Supporting science-based management
Knowledge generated through OTN’s work is used provincially, federally and internationally to help guide the management of valued aquatic species and the sustainable use of the ocean.
OTN studies have informed the proposed renewal of an MPA in Scotland.
Photograph by dominik schroder/unsplash
International Marine Protected Areas (MPAs)
Franziska Broell, a former OTN PhD student (now postdoctoral fellow) and co-founder of Maritime bioLoggers, has been using her unique tags to conduct research on an endangered species (common skate) in the Firth of Lorn, Scotland, in collaboration with Marine Scotland Science. Data collected from elasmobranchs (shark, skate and ray species) tracked along the OTN-supported Firth array has provided direct input to the government on the status of these species within an MPA, and was critical in delivering a scientific basis for the renewal of this MPA in 2017.
Canadian Science Advisory Secretariat (CSAS)
OTN researchers and their students regularly lead the development of documents that review scientific results of OTN studies. Given the volume of science generated from OTN Pacific salmon studies alone, incorporating findings into management action is a challenge for DFO managers. DFO’s CSAS places researchers at the forefront of the evidence-based decision-making process by way of consultation and advice documents, which summarize OTN findings and enable better knowledge transfer and use. OTN studies have contributed to the CSAS process, providing fundamental information needed to make critical fisheries-management decisions in Canada.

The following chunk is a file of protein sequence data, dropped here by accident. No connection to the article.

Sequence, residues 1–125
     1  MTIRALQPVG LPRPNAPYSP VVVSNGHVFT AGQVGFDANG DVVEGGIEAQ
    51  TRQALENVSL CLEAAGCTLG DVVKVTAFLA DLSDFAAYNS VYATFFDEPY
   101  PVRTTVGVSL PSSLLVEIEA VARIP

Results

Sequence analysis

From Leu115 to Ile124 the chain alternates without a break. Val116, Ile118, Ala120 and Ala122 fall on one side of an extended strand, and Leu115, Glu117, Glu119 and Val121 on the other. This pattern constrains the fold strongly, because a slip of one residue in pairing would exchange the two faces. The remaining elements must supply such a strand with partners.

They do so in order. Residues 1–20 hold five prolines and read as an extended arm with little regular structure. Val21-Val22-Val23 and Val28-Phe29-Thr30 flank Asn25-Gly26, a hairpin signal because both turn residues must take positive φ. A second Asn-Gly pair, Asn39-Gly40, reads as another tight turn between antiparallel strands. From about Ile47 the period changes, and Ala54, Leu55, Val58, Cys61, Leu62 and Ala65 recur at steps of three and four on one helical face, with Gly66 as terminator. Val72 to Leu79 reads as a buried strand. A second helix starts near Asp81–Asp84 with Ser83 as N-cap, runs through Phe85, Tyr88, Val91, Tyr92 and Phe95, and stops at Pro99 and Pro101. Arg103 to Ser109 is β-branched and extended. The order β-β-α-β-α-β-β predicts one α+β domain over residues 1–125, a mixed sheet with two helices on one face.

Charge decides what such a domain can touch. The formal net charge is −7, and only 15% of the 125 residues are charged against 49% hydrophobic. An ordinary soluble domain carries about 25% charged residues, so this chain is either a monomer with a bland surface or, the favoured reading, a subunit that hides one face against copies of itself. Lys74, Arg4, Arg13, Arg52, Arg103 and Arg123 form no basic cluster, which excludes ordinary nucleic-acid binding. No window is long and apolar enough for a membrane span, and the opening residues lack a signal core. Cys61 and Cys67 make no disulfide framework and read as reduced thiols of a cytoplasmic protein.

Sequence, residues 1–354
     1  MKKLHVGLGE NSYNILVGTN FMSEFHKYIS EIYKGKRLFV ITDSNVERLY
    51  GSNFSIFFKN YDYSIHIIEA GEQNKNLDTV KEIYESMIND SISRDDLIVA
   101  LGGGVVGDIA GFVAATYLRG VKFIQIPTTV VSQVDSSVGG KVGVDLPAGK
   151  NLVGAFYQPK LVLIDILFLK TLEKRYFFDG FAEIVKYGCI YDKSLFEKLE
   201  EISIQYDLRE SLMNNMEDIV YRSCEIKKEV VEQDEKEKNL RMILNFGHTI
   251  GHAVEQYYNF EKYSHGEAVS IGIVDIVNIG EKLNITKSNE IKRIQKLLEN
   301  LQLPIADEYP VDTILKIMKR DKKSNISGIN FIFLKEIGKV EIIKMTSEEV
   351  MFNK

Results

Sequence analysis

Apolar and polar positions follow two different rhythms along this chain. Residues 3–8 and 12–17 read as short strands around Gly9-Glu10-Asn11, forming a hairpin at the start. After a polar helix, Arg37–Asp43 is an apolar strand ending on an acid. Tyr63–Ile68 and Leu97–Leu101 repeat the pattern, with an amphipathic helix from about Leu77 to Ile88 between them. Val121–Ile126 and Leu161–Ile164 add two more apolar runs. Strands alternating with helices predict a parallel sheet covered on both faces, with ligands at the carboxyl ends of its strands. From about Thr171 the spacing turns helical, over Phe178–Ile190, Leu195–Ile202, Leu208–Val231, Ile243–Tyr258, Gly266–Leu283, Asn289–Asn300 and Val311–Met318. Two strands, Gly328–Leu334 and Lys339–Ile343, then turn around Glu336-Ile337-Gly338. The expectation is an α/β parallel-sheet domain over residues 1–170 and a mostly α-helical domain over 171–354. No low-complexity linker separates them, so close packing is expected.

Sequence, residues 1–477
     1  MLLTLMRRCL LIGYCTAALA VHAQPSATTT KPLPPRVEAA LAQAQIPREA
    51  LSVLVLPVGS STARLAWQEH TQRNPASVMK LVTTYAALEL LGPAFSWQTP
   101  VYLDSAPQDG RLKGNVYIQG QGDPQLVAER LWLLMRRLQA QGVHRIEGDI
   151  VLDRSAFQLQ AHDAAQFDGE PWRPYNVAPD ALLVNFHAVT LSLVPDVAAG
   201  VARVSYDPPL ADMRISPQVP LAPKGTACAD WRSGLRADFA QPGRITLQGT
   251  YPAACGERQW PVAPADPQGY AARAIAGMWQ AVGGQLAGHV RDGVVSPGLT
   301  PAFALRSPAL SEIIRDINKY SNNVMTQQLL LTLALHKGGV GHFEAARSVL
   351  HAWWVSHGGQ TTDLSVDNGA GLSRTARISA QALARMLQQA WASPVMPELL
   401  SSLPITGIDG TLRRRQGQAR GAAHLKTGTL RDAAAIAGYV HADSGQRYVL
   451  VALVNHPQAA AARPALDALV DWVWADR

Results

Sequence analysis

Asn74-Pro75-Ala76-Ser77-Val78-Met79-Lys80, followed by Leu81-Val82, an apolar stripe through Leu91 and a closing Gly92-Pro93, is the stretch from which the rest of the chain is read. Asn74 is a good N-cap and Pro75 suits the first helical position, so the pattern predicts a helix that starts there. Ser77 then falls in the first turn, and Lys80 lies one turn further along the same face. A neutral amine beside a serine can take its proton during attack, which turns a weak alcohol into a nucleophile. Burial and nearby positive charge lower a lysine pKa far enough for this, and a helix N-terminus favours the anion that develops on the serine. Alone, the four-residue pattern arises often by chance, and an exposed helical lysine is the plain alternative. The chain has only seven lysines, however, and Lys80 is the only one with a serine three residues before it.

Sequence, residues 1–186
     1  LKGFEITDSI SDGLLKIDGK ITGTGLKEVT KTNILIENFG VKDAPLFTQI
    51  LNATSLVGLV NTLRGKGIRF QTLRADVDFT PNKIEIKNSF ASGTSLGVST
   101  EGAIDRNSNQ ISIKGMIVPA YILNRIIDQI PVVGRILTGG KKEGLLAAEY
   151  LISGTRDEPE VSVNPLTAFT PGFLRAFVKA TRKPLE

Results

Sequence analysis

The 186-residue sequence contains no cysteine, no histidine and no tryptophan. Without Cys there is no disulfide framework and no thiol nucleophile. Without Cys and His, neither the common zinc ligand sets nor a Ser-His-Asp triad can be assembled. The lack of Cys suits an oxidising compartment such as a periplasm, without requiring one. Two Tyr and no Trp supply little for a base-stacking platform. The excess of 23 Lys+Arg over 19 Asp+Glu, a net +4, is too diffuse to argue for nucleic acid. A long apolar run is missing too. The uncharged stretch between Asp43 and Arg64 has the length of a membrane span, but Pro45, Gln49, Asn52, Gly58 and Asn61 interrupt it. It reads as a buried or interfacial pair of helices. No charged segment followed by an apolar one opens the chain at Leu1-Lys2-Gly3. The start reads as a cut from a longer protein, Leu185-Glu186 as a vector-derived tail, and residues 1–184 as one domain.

OTN researcher Nigel Hussey releases a tagged Greenland shark in the Canadian Arctic.
Photograph BY Stephen Fields
of Emerging Fisheries
In the 1960s, a small Greenland halibut fishery was developed by Inuit communities near Cumberland Sound, Nunavut, in the Canadian Arctic. A management boundary was established to divide this ice-based fishery in the northern portion of the Sound from international fishing waters in the southern, deeper portion, as it was thought that distinct populations of Greenland halibut occupied each area. However, OTN telemetry research demonstrated direct connectivity between these two populations, with fish crossing the management boundary on a seasonal basis. In a changing Arctic climate, years of poor ice coverage had pushed the community fishery further north. As a direct result of OTN research, the management line was moved to encompass the whole of Cumberland Sound, thereby making it available to the community-led fishery year round. The new plan is proving more sustainable for both the Greenland halibut population and the community.